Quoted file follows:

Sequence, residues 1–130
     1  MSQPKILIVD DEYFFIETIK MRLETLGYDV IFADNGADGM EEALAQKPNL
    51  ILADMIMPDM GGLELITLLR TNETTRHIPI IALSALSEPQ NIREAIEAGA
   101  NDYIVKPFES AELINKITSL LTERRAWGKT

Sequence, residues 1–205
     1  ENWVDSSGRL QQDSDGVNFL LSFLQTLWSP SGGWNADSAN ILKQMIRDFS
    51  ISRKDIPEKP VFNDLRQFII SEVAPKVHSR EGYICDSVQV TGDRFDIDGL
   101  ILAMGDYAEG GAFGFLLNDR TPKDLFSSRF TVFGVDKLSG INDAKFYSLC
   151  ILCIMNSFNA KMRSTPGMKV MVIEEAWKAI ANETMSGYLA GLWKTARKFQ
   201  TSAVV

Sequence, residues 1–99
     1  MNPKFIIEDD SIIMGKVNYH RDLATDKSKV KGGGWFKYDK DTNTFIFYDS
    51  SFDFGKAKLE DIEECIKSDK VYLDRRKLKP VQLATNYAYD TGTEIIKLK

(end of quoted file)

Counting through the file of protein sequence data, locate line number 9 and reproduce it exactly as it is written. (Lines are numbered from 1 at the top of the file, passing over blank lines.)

   151  ILCIMNSFNA KMRSTPGMKV MVIEEAWKAI ANETMSGYLA GLWKTARKFQ